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Non- Officers Allowed to Fly Drones: Air Force Follows Predecessor

Dec 18, 2015 05:44 AM EST

The Air Force has announced a new policy that allows enlisted non- officers to become drone pilots for the first time, on Thursday, in a bid to help meet demands for increased surveillance over global hot spots. After months of study, the Air Force has taken the initiative as a part of overhauling the growing drone program. The force has been tattering in acute shortage of officers to serve as drone pilots for quite a longer period.

The demands for aerial intelligence, surveillance and reconnaissance- ISR, are growing rapidly for counter terrorism operations or more specifically combating IS. The drone pilots are over worked and new training courses are yet to get redesigned.

According to most recent available data, some 180 drone pilots have been trained in 2014, but 240 pilots have left the field since then. Non- commissioning of new drone pilots has caused immense pressure upon the existing pilots, who are supposed to be exhausted serving days after days, in long consecutive working shifts, according to a report published in the Los Angeles Times.

The drone pilots have even complaining for demoralizing work conditions in Creech Airbase of Nevada. Some pilots have reported to get compelled to work six days a week and flying for 900 to 1100 hours a year. The fighter pilots need to log 200 to 300 flight hours annually, which resembles the additional workloads, the drone pilots are burdening now, reports Yahoo Finance quoting The Financial Times.

As per the announcement, qualified enlisted personnel will be allowed to fly the unarmed RQ-4 Global Hawk Spy Drone initially. MQ- 1 Predator and MQ- 9 Reaper drones may eventually be added to their portfolio, reports Walkileaks. Air Force has adopted a policy to clear the way for non- commissioning officers to serve as drone pilot, following directions from Air Defense Secretary Deborah Lee James, delivered to Air Combat Command. Air Combat Command, coordinator for drone operations, has gone through a detailed study and planned the drone project overhauling.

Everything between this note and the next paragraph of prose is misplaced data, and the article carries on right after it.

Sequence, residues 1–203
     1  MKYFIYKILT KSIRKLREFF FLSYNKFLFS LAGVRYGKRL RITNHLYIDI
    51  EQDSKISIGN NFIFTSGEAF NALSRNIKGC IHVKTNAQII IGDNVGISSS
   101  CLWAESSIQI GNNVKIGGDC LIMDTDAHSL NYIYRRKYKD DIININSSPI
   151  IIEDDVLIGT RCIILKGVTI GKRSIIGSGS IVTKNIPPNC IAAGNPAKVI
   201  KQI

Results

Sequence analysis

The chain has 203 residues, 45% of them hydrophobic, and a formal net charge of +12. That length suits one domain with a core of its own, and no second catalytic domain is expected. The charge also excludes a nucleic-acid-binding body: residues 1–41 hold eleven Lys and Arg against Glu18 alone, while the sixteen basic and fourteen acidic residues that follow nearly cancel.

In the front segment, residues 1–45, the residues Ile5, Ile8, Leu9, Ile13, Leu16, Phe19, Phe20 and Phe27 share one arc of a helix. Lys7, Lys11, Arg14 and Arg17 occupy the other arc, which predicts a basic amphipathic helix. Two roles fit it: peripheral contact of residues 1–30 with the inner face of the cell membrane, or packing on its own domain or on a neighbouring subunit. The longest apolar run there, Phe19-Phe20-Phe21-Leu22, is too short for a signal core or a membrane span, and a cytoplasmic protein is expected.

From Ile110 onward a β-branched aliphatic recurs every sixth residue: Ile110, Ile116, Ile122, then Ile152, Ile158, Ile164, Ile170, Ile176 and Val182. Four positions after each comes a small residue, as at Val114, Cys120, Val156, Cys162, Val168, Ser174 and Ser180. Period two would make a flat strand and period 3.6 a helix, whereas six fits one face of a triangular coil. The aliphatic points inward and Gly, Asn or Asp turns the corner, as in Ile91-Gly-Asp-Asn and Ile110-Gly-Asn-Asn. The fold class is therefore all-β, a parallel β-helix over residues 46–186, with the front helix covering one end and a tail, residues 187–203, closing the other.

During World War II, The Army Air Corps., predecessor to the Air Force, allowed enlisted airmen to fly warplanes. But in recent developments, only the officers are allowed to fly warplanes, even the drones. Following predecessor, Air Force has approached to enlist non- officer personnel, since its earlier bid for alluring the officers towards annual monetary incentives has reported to witness reluctance among the pilots in drone flying.

The Air Force adopted policy, unveiled on Thursday, has allowed enlisted non- officers to become drone pilots for the first time. The announcement appears to be an alternative measure after the Air Force has apparently failed to allure officers to become drone pilots against annual monetary incentive. The decision is believed to be a similar one that has been adopted by its predecessor. The Army Air Corps., which too allowed enlisted airmen to fly warplanes in WWII.

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